|Thursday, October 4
Bonds ties Big Mac with 70th home run
By Jim Caple
HOUSTON -- Move over, Big Mac. You've got company. Finally.
Leading off the ninth inning Thursday night, Barry Bonds slammed a mammoth home run into the upper deck of right-center at Enron Field off Astros left-handed rookie Wilfredo Rodriguez, matching Mark McGwire's home run record of 70 just three years after Big Mac set it.
Of course, it seemed as if it might be another three years before pitchers threw Bonds another strike.
Houston walked Bonds three times before the home run, including an intentional walk in the sixth inning when the Astros trailed 8-1. That's right -- an intentional walk with a seven-run deficit. It was the eighth time the Astros walked Bonds in this three-game series; they also hit him once. Since hitting his 69th home run Saturday, Bonds had been walked 10 times and hit twice, seeing only 14 strikes out of 64 pitches until facing Rodriguez in the ninth.
Bonds exacted some revenge, however, with his final at-bat in Houston, drilling a 1-1 mid-90s fastball far into the night. He dropped his bat and raised his arms as soon as he connect, smiled broadly as he circled the bases, pointed exuberantly skyward when he crossed home place where he was greeted by his teammates and kissed his son, Nikolai, who was serving as Giants batboy.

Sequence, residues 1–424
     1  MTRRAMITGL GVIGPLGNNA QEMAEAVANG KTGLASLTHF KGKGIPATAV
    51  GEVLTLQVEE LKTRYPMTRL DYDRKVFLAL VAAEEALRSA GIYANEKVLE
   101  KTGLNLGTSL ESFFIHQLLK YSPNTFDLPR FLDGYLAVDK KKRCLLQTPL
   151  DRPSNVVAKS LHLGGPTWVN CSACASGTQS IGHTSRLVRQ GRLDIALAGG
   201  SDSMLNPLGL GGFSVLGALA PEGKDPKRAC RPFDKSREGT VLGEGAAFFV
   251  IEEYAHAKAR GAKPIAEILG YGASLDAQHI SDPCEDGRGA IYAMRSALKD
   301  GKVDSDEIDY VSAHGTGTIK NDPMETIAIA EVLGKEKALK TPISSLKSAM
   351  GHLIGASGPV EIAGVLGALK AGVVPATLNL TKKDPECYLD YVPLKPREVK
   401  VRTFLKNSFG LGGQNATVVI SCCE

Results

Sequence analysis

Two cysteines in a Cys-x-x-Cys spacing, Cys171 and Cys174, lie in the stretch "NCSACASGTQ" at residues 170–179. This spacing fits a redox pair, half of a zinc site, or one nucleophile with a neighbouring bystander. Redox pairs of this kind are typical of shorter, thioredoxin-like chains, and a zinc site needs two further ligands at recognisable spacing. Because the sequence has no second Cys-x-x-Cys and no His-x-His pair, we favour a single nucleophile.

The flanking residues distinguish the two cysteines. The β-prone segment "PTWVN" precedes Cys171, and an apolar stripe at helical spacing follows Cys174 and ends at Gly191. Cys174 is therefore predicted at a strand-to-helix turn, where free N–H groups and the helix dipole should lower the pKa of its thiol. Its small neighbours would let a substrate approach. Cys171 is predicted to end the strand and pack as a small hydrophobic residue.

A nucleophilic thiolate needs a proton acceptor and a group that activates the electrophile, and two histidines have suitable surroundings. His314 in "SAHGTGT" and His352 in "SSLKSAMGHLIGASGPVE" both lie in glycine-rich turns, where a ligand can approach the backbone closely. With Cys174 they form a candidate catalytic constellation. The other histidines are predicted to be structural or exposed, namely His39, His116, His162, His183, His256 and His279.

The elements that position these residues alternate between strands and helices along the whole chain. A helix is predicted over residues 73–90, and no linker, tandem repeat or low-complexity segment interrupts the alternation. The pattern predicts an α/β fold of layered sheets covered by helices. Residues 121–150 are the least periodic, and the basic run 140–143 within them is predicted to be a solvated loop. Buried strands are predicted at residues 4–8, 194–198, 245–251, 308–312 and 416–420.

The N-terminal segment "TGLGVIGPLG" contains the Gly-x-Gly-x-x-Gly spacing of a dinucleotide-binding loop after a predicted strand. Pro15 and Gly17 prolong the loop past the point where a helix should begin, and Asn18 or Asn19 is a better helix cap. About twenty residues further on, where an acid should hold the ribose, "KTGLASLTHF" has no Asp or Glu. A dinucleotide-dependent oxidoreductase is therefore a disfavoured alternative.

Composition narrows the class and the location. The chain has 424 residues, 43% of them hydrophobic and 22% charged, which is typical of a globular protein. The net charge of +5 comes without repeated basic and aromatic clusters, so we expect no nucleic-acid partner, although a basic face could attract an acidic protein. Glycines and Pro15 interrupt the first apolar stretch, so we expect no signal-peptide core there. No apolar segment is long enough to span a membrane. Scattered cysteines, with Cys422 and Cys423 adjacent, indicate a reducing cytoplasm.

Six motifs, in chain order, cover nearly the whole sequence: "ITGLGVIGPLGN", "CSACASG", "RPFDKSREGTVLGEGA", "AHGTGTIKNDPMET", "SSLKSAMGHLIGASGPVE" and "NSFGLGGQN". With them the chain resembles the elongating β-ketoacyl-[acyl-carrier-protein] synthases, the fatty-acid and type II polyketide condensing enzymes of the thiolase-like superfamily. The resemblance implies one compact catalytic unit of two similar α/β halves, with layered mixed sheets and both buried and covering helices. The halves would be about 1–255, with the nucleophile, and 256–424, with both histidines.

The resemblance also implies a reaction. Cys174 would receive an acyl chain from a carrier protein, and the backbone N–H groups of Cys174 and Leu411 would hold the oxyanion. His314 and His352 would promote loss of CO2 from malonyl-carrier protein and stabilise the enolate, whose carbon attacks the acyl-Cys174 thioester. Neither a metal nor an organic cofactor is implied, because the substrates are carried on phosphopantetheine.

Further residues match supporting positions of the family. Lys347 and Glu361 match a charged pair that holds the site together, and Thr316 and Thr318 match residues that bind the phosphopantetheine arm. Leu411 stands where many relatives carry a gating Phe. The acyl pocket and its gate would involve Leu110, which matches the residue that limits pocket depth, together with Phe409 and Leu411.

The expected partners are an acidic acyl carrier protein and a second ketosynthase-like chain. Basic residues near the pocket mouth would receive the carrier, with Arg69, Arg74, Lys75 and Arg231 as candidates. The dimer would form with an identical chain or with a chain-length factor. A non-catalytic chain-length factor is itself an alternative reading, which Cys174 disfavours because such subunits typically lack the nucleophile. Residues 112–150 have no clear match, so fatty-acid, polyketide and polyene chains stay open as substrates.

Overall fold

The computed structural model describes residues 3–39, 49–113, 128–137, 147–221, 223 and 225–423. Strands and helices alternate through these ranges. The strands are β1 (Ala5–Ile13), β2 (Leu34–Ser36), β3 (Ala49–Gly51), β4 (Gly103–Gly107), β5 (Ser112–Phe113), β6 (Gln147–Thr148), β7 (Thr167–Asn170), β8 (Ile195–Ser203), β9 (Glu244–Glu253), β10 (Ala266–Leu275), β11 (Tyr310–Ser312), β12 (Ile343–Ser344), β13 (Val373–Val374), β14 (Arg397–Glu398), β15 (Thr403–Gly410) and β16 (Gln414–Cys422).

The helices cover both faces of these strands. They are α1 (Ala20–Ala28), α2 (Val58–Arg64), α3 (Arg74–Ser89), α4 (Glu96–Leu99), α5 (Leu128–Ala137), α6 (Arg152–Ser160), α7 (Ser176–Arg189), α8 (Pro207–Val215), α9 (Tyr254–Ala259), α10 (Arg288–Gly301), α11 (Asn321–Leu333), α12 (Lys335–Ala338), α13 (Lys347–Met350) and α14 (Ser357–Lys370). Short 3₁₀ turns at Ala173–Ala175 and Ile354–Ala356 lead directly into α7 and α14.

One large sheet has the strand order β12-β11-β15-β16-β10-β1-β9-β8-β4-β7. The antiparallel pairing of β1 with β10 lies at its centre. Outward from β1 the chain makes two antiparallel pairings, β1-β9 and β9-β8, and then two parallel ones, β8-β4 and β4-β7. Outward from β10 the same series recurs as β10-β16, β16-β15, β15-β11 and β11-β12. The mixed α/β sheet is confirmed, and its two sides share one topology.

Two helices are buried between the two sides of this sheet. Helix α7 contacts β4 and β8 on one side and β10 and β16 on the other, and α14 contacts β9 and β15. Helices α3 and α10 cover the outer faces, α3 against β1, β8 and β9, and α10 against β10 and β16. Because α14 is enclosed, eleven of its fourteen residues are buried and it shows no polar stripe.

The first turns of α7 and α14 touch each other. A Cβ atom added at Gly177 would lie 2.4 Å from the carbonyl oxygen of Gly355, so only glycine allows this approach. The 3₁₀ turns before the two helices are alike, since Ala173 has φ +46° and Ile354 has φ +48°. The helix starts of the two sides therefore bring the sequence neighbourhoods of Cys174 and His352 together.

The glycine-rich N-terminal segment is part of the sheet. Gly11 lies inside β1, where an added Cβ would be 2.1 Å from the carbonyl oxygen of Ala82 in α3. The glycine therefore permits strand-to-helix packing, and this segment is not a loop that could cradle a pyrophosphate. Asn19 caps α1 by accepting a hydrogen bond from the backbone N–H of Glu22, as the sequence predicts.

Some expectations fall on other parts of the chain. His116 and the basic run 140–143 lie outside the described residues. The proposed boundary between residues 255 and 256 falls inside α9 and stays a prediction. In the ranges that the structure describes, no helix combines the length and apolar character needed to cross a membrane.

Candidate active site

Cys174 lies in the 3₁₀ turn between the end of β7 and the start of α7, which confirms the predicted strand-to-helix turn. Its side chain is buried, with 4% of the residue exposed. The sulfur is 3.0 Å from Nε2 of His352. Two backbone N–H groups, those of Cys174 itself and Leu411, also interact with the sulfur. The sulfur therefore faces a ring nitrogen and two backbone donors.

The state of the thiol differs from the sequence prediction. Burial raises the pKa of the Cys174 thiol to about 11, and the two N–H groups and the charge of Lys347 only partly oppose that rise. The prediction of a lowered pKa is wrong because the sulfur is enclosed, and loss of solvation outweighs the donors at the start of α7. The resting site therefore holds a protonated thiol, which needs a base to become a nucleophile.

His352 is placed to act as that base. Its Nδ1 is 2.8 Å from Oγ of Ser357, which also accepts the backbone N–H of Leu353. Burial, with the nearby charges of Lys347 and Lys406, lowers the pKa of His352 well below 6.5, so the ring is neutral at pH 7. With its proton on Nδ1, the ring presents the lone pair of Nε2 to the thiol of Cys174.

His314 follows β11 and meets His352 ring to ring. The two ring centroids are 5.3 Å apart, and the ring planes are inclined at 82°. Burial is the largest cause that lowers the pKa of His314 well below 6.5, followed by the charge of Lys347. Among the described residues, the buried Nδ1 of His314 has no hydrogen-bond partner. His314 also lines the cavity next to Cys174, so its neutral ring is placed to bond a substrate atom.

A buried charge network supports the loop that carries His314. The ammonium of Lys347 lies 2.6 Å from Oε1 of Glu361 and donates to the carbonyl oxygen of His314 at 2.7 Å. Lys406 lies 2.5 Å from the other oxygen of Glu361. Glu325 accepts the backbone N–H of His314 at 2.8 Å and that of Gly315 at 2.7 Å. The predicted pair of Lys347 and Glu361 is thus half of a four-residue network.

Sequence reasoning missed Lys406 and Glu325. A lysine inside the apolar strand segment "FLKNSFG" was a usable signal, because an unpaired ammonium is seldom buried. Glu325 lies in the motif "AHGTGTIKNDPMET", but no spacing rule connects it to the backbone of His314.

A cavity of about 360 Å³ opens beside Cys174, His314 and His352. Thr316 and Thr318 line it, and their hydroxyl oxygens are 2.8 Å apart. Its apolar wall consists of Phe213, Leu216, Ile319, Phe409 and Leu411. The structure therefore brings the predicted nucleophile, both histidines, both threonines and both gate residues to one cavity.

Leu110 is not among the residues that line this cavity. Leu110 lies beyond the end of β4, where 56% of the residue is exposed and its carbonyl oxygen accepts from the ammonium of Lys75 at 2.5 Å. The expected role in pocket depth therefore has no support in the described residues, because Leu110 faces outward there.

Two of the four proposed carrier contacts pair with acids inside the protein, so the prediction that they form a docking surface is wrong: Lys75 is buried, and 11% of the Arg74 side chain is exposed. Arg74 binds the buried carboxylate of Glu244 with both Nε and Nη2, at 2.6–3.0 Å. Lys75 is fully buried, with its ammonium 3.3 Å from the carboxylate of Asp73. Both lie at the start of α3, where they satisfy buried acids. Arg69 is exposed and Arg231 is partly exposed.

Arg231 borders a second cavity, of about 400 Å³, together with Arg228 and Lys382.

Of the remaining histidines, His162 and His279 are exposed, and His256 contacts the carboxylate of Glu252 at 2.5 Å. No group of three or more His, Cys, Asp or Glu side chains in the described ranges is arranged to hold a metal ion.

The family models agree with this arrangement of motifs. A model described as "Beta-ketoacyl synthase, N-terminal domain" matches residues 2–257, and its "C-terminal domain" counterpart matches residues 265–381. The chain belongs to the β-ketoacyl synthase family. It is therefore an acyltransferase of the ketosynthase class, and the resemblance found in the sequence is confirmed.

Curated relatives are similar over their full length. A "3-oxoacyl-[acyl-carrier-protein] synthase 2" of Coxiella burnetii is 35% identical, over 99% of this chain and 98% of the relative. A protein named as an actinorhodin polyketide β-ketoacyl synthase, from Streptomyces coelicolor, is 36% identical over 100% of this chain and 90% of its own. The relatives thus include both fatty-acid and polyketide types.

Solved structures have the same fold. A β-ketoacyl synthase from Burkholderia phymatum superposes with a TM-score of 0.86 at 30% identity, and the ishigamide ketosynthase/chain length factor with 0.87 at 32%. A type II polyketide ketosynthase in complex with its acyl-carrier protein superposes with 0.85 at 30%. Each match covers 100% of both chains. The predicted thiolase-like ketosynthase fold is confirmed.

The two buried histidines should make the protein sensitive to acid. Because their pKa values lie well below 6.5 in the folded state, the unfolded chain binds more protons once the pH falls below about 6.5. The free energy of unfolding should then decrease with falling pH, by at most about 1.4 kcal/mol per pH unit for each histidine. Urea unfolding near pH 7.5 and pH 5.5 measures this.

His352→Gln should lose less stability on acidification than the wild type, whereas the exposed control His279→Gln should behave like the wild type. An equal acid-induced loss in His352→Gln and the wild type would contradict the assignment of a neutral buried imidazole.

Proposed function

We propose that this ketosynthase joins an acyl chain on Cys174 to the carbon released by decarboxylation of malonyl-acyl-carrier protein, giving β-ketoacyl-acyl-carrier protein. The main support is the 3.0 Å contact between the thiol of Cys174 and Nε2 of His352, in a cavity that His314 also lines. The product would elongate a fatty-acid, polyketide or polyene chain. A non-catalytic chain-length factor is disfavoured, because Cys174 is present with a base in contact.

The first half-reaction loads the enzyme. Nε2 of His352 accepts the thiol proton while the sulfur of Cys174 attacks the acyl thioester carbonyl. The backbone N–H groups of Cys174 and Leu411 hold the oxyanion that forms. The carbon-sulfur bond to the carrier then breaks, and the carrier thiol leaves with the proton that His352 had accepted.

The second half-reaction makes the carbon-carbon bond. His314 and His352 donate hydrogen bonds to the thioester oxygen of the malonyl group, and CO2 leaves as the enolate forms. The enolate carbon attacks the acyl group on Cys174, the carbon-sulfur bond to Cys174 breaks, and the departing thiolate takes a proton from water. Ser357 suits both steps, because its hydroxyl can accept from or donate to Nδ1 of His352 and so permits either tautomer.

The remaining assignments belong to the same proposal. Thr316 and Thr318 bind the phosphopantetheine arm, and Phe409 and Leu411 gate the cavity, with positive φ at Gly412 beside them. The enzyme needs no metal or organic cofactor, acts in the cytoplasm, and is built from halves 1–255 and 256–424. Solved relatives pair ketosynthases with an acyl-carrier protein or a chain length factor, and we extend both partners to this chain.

Despite watching their team lose for the sixth consecutiveg ame and fall out of first place, the Houston fans applauded long and loud, drawing Bonds out of the dugout twice for curtain calls. When he took his position in left field in the bottom of the inning, San Francisco relievers left the bullpen to greet him. Giants manager Dusty Baker removed Bonds at that point, allowing him to trot off the field to another loud ovation.
"Everybody was telling me just be patient, be patient. I'm glad it's over. I'm glad my family was here. My wife gets to sleep now," Bonds said.
The Giants won 10-2, completing a three-game sweep that kept them two games behind Arizona in the NL West race with three games remaining at home, against age-old rival Los Angeles. The Astros fell one game behind the Cardinals in the NL Central and lead the Giants by two games in the wild-card standings.